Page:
Although this story is 2 months old and ended on a good note, I didn't want the year to end without sharing it. This story is about a nightmare I experienced with American Airlines.
On Monday, October 17, 2011, my husband and I were making our final arrangements for our trip to Italy scheduled for a week later. Flights were booked, hotel arrangements made, and the rental car was awaiting our arrival. With a "ding" from hubs IPhone, we were alerted to an email in his inbox that would make the week leading up to the trip a living hell. The email read something like this: "Your flight from JFK to DFW has been cancelled." The cancellation didn't effect getting to Italy. It didn't effect our time in Italy. It only effected our last leg coming home (first leg: FCO to JFK; second leg: JFK to DFW).
We thought: No problem, we'll just call and request to be put on another flight. The conversation went something like this:
AA: There are no other flights that day. We can book you on a flight the next day.
Us: We must get back on the day we originally planned to get back.
AA: Sorry. We can only book you on a flight the next day.
Us: Are you going to pay for our hotel?
Us: Even though we booked our flights months ago, and it is AA who has caused this inconvenience?
AA: Sorry, but that is correct.
Us: Since AA cancelled our flight, why can't you put us on another carrier?
AA: Because you used award miles to book this flight, we aren't obligated to.
Us: So this isn't a matter of you CAN'T, it's a matter of you WON'T do right by us? Please put us in touch with your superior.
And the conversation repeated itself with the supervisor.
After an hour on the phone and scrambling to research other flight options, we were left with only one choice. We would have to spend around $600 (or more) to cover the expenses of an overnight stay in New York. This option didn't sit well with us -- it was more principal than anything. Why should we be punished because of a change the airline inflicted upon us simply because we bought award seats? I would have understood if we requested the change. Plus, hubs is a Lifetime Executive Platinum. Shouldn't that give us some advantage?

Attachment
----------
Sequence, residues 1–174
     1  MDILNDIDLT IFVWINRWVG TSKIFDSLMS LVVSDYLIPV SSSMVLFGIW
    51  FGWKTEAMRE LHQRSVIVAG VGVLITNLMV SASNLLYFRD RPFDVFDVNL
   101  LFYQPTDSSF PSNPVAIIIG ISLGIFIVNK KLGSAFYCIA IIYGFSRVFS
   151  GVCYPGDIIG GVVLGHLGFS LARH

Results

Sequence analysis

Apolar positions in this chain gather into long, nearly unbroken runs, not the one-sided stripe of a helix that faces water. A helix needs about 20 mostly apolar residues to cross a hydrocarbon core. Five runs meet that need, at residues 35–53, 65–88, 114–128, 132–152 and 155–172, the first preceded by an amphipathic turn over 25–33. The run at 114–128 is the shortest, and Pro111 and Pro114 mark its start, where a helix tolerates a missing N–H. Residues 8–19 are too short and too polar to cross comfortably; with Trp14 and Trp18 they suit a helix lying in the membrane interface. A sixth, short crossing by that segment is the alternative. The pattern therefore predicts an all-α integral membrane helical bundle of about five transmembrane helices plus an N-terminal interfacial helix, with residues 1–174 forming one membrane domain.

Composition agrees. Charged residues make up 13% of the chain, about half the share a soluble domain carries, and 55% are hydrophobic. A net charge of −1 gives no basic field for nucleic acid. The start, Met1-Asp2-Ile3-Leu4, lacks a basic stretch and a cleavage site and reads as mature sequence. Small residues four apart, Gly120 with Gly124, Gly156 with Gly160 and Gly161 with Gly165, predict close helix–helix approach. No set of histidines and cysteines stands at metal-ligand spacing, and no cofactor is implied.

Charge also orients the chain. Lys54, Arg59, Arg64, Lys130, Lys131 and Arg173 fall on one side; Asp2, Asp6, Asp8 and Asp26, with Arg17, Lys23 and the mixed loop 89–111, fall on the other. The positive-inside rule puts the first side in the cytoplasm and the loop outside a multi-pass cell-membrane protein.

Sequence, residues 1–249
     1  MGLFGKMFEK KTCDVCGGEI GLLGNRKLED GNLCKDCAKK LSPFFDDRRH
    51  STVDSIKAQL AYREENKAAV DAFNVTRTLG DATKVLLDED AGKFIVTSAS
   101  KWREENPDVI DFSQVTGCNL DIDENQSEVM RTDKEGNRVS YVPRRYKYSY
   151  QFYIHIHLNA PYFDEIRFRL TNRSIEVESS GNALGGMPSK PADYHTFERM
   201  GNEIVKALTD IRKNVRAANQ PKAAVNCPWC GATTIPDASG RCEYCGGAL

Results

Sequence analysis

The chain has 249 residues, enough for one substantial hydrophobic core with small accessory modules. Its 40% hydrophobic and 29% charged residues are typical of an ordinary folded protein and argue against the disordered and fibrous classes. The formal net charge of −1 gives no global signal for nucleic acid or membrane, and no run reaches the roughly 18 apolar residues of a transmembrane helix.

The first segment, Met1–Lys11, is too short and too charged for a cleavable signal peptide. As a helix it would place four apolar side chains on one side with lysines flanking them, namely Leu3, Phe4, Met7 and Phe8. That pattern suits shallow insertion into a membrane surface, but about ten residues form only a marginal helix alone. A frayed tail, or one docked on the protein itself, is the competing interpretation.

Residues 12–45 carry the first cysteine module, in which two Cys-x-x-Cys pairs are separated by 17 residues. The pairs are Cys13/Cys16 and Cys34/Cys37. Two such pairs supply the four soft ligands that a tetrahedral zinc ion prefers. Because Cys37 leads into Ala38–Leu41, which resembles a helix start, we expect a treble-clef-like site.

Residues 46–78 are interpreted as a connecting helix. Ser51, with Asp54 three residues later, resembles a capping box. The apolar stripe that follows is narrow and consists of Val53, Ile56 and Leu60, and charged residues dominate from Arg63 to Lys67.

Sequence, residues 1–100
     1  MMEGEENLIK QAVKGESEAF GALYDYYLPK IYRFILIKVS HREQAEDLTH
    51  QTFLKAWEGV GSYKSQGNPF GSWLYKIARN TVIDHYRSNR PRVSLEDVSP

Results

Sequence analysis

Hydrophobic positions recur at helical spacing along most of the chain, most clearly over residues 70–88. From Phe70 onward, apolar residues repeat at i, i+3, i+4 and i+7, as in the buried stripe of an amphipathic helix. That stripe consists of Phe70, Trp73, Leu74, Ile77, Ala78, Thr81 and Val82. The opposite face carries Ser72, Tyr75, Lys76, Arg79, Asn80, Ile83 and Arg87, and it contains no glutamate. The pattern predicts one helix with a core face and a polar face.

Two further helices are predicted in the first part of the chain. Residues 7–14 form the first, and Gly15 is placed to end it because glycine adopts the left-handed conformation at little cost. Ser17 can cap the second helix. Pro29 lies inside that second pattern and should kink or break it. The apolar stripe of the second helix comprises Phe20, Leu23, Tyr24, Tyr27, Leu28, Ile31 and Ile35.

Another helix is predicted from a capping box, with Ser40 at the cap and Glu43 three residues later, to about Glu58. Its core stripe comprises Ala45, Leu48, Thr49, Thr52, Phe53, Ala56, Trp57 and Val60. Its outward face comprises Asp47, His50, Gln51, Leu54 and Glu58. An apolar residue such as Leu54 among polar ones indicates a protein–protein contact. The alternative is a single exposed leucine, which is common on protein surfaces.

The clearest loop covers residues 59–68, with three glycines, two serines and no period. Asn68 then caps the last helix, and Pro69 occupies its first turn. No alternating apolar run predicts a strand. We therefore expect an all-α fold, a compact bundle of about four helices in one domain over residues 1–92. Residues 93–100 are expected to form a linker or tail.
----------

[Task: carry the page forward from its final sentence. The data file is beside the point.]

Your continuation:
I couldn't let it go. Yet, three days and nine phone calls later, we were no further ahead. It wasn't until Friday that we finally had a glimmer of hope. A supervisor admitted he could get us on an AA Rome/London flight and a BA London/DFW flight, if BA would allow us award seats. We waited two days for the approval only to find out BA would not release us the seats.
We were now counting down the days until our departure and we still didn't know how we were getting home. Calling AA three to four times a day, speaking to a different agent each time (and most of them expressing no sympathy or desire to help!) was proving futile. But, we refused to give up!
On Monday (2 days before departure), we began the phone call battle again. We found ourselves in another wait-and-see situation with a flight option taking us to Madrid on Iberia, and then on to DFW on AA. And then, it happened. The day before our departure, Iberia granted us two award seats. (Iberia is my new hero!)
Our return home was suprisingly uneventful. We fully expected to arrive at FCO and find a glitch of some kind in our reservation making our return impossible. On the contrary, we had smooth sailing all the way and even got home 6 hours earlier than our original flight!
To save you a lot of boring repetition, I abreviated the details of our daily phones calls in this 9-day struggle. The bottom line: AA had no remorse in canceling a service and leaving their customer in an impossible situation. I wonder how many customers the rest us of would have if we approached business in this way?
Living in Dallas (home-base for AA), we don't always have carrier options. So, threatening to "take my business elsewhere" doesn't hold a lot of weight. I do, however, get a little comfort in knowing hundreds (maybe even thousands) of people who do have a choice in airline carriers will read my story and possibly think twice before booking with American Airlines.